Goodbye to TLG

For those who have been wondering, I am still in Georgia.

However, I have left TLG, and not without some bitterness. I haven’t been telling my story because I haven’t wanted to slam my former employer – it’s just bad form – but now that I have some emotional distance from the events of last year, and have settled into my new job (teaching at a private school in Tbilisi) quite happily, I feel like it’s time to talk about what went down.

Last November and December, TLG began firing most of their volunteers. Due to budget cuts made by the new government, TLG had to be reduced from maybe 500-600 volunteers down to about 160. Many volunteers who had signed up for a full year were told they’d have to leave in December and would not be coming back. This caused a great deal of annoyance among those who were dismissed, and a great deal of speculation as to what the criteria were for volunteers who were offered extensions.

I was offered an extension, and accepted gladly, given that I had a newborn at home and didn’t want to have to change jobs abruptly in the middle of the school year, and that I had planned from the previous June to stay for the entirety of last year. Things seemed okay.

Then I got an email, just before school let out, from my regional representative. The email said that TLG volunteers would no longer be placed in “cities” (I guess Kutaisi, Batumi, and Tbilisi?) and that I would have to leave my school and go teach in a village outside the city. I bid a sad goodbye to my students and coteachers at my Kutaisi school and resigned myself to my situation – a new school, a new transition, and a new commute. I didn’t object at the time because they told me it was their policy and I didn’t want to ask for special treatment. Plus, I felt I was lucky just to have been given an extension.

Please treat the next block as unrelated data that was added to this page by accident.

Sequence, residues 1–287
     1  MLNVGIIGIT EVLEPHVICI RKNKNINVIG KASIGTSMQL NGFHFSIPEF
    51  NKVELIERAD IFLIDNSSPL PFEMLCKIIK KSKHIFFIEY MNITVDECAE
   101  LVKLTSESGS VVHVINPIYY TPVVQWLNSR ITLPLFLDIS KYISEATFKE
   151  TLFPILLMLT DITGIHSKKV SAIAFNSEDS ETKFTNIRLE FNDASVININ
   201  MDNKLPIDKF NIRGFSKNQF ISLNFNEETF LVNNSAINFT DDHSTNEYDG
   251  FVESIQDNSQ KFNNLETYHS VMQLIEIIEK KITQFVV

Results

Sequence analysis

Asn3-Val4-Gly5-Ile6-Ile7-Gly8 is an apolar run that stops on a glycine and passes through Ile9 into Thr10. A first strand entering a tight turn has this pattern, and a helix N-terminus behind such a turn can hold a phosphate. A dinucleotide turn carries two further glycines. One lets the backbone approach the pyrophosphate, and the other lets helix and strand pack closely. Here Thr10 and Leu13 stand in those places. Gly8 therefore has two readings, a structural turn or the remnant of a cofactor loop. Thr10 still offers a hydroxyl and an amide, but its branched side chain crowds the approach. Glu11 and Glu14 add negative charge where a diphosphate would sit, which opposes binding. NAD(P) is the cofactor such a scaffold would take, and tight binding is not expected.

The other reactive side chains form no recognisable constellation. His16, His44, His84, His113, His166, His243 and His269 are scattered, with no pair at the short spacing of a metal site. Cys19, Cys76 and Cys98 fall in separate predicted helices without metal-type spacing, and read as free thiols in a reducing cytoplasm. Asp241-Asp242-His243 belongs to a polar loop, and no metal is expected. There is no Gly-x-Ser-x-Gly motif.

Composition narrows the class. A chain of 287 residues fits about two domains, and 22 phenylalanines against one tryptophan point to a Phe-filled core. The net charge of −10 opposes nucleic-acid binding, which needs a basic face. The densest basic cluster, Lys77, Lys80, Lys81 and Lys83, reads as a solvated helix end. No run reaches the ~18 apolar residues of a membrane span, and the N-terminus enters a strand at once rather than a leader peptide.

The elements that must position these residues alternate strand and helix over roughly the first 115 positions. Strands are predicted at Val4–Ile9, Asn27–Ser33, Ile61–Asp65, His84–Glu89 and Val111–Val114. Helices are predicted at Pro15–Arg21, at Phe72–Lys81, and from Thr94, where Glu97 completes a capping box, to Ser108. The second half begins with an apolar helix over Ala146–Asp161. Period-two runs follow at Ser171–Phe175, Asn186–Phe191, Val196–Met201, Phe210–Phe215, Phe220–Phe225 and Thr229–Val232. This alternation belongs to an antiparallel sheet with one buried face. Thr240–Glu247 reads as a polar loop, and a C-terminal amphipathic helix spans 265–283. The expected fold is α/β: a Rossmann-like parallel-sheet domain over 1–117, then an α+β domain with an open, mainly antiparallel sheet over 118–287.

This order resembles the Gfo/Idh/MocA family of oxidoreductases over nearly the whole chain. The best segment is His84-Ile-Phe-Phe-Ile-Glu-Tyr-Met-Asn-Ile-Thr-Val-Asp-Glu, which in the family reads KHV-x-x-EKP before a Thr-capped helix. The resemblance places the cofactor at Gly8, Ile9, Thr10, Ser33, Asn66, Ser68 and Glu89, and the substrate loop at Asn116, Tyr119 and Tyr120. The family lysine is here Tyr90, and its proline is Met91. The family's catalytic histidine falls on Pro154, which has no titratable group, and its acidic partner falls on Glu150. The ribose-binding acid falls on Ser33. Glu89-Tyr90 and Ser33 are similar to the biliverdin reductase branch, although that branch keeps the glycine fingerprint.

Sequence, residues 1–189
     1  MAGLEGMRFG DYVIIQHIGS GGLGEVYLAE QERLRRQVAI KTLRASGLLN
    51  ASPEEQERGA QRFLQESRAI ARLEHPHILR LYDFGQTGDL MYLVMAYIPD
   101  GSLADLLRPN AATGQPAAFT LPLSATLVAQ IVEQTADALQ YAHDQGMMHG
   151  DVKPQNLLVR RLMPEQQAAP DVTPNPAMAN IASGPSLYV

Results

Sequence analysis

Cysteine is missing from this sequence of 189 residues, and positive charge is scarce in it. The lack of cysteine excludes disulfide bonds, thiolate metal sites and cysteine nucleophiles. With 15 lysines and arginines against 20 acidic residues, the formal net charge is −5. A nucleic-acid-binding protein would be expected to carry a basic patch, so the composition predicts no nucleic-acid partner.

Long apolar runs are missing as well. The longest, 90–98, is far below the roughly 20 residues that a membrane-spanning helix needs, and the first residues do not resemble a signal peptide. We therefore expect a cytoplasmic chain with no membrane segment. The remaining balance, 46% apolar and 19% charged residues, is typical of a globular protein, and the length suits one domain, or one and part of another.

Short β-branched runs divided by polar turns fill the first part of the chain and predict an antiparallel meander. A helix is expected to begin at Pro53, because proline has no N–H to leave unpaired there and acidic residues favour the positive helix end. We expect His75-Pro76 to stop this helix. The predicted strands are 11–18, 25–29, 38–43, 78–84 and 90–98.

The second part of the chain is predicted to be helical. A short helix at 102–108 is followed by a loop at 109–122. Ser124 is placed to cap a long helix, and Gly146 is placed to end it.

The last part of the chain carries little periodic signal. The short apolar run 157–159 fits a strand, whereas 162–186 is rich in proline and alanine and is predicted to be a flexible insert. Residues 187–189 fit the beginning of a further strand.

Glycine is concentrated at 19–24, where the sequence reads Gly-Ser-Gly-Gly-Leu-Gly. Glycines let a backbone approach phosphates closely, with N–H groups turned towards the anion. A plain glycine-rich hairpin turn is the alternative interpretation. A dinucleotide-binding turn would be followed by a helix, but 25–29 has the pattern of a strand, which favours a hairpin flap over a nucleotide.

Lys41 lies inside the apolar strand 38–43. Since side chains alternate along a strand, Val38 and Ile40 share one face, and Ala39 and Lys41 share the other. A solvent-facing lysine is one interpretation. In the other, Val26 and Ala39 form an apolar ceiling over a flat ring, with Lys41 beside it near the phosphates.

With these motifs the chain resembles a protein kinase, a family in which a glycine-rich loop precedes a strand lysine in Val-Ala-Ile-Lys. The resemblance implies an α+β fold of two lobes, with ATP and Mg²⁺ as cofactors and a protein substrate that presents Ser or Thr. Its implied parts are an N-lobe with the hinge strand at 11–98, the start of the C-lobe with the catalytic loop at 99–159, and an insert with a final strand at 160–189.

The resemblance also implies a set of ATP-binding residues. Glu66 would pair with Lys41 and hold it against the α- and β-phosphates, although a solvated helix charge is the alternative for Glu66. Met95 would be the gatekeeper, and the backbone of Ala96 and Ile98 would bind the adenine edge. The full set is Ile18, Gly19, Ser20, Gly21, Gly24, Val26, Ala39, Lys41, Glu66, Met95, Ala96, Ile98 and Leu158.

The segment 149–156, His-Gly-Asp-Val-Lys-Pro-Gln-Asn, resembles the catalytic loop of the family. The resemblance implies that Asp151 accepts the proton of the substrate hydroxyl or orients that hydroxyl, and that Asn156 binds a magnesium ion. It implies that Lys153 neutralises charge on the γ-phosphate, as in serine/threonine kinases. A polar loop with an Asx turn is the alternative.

Apparently others were not so scrupulous. I later found out that a bunch of volunteers actually stayed in Tbilisi, both living in and teaching in the capital city. I never received a coherent explanation of why exceptions were made for those volunteers to live and teach in Tbilisi but an exception was not made for me to teach in Kutaisi. Instead, I had to endure a semester with nearly an hour commute to the village on two marshutkas where people didn’t hesitate to light up a cigarette, which as you may know from reading this blog is a major point of stress for me. It was a major quality of life problem for me to spend nearly two more hours a day away from my family, especially with my son being just a few months old.